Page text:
There are still risks when you write your own introduction - someone may mess up the humor you're trying to insert, or even mispronounce something - but you reduce the chance of mistakes if you provide the text yourself.
Always send your introduction in advance with a note saying that it ties into your speech and should be read as is. You can leave some space for your presenter to add something if he or she wishes; just indicate the best place for this. Type the introduction in caps and double-space it so it's easy to read. Make it short and to the point. A standard introduction includes these four points and not much more: your name and title, your qualifications, why the speech can benefit the audience, and why you've been asked to speak. When you list your qualifications, name only the best three or four examples, or the ones that pertain to that particular audience.
Here's a sample self-introduction written by Joel Weldon, a well-known speaker.
Our speaker this morning is Joel Weldon. His subject is titled, "Elephants Don't Bite: It's the Little Things That Get You." Joel comes to us from Scottsdale, Arizona, where he heads up his own personal development company. In the past six years, he has conducted over 1,000 seminars and workshops for some of America's top organizations.
The reason we have him here today is because of his unique ability to help successful speakers become even more successful. He's creative and fun to listen to. And his unusual business card tells you, "Success comes in cans, not in cannots." Speaking on "Elephants Don't Bite: It's the Little Things That Get You," help me welcome Joel Weldon.
That's an introduction that does a lot: It's short, simple, and vivid.
There are times, however, when no one is available to introduce you. In that case, you'll have to do it yourself. When this happens, most people come out on stage and say, "Good evening, ladies and gentlemen. I'm Debbie Massey, and I'm here today to talk to you about...." BORING! And it's what the audience expects you to do. You want to surprise them into paying attention, and let them know that you're not a typical speaker. Start off with your appetizer; give them a little tease before you tell them who you are.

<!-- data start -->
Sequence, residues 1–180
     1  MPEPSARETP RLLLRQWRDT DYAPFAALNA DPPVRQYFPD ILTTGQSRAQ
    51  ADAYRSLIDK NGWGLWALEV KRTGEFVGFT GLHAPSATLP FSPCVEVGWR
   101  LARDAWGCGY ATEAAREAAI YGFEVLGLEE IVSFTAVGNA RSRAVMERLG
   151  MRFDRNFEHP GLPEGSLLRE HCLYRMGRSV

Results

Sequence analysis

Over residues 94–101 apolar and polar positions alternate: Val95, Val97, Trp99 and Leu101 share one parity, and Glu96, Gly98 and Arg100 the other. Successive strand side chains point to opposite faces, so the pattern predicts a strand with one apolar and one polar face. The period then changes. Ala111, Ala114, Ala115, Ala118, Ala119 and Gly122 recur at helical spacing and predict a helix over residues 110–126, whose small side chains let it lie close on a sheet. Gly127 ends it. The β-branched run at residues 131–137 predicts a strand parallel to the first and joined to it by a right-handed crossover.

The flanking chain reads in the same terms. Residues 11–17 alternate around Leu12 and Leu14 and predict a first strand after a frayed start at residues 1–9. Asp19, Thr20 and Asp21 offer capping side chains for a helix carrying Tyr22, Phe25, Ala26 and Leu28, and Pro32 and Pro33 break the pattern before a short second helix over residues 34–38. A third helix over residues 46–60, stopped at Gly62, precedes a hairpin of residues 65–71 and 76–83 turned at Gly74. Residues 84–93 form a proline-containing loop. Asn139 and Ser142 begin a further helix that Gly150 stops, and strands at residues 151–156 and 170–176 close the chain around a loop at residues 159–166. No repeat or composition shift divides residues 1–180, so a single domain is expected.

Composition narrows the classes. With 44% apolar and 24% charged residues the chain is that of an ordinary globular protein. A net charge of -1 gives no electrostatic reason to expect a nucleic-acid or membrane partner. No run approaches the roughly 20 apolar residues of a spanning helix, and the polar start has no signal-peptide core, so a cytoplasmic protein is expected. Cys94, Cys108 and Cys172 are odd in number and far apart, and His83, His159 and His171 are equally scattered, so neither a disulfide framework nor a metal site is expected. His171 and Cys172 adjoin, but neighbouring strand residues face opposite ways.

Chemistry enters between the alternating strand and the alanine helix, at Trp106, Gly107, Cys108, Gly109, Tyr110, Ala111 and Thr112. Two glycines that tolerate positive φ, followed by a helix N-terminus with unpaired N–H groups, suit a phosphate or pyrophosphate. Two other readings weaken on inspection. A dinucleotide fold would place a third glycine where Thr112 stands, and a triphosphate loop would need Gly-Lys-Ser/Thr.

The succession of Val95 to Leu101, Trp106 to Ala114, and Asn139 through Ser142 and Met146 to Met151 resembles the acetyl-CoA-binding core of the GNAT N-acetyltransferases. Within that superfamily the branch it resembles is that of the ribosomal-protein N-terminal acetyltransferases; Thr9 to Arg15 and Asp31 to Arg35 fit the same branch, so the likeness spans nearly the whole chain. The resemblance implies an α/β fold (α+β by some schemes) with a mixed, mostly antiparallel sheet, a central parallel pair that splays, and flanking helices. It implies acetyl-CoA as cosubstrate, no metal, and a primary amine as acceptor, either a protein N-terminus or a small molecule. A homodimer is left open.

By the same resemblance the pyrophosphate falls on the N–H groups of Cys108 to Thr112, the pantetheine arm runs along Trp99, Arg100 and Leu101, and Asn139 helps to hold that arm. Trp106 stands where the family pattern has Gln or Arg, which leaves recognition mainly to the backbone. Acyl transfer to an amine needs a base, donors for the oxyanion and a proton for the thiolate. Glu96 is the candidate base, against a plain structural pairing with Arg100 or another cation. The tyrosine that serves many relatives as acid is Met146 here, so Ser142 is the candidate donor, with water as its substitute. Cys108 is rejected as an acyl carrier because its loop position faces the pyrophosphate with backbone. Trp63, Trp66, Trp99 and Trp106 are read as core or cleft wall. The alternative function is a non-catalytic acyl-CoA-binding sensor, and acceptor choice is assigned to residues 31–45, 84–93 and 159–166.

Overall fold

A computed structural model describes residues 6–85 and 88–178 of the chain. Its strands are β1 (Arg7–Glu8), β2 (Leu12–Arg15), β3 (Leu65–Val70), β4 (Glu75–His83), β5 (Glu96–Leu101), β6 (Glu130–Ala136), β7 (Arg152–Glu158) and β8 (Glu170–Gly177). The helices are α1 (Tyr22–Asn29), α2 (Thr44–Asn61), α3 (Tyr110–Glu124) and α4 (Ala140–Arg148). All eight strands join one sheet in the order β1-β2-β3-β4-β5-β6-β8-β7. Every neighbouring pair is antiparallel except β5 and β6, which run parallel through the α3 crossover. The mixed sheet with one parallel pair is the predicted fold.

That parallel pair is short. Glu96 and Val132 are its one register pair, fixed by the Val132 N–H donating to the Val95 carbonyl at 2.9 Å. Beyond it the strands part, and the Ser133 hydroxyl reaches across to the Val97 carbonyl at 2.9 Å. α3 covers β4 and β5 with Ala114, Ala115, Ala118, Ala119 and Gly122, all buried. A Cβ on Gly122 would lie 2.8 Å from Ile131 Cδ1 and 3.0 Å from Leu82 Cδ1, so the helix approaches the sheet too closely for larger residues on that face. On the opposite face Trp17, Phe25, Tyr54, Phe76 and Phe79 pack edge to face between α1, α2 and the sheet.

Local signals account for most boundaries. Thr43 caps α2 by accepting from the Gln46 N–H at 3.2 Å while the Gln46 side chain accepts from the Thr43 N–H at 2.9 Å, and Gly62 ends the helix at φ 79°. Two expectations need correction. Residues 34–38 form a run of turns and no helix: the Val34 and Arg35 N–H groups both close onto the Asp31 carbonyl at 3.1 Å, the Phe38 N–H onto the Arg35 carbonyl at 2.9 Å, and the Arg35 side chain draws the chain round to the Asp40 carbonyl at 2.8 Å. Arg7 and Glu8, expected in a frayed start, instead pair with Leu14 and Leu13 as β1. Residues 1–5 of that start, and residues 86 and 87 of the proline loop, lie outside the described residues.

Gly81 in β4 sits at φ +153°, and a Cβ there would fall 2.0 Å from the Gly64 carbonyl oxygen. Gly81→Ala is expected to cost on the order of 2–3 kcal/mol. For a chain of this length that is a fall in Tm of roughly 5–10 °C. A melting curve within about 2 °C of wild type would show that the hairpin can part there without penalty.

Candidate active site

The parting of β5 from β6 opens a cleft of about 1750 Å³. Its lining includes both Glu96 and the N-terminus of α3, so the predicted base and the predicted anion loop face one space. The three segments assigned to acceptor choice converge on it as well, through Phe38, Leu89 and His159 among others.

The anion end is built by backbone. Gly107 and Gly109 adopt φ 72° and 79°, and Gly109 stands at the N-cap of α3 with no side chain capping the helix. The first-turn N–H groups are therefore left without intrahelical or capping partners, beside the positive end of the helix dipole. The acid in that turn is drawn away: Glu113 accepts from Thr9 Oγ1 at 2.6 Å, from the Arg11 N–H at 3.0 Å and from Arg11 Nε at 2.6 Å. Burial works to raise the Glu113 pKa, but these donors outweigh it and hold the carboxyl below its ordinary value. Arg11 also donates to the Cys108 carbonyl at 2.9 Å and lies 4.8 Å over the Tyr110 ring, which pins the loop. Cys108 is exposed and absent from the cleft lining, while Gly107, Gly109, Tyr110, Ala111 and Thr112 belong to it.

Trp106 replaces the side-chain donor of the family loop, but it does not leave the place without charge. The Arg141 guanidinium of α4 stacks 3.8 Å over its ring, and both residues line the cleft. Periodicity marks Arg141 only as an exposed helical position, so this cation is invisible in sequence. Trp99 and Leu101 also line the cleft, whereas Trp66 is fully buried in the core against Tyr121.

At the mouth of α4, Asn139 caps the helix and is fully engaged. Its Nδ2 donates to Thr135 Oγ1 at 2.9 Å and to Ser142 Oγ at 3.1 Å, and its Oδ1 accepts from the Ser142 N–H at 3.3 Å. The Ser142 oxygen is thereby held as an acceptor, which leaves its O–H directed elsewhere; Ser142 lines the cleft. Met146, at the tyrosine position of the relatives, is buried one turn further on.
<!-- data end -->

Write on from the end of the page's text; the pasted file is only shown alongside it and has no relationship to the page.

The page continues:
Look at the two openings on page 106. The tease in version number two is only two sentences long, but it's enough to get the listeners hooked. Then you can go on to tell the audience who you are. Usually your name is enough; this is not the time or place to go through your entire resume. You can include one interesting fact about you if it is relevant. An alternative lead-in attention-getter; "I'm Debbie Massey, and I'm known as the Questioning Crusader."
Openings have more crucial responsibilities than any other part of your speech. Although the following list may seem daunting, remember that one well-crafted opening can combine many tasks into just a few minutes or sentences. Getting attention is the key task of any opening, but it's not the extent of your opening's responsibilities. Here's a list of criteria for a powerful opening:
Get the audience's attention. How you get it is not nearly as important as making sure you get it.
Build a bridge between what went on before and what is to come - your presentation. That's why people thank the introducer or refer back to previous speakers.
Let the audience know your purpose and objectives.
Get the members of your audience involved in your topic, your mission. You want their support, and you want them on your side.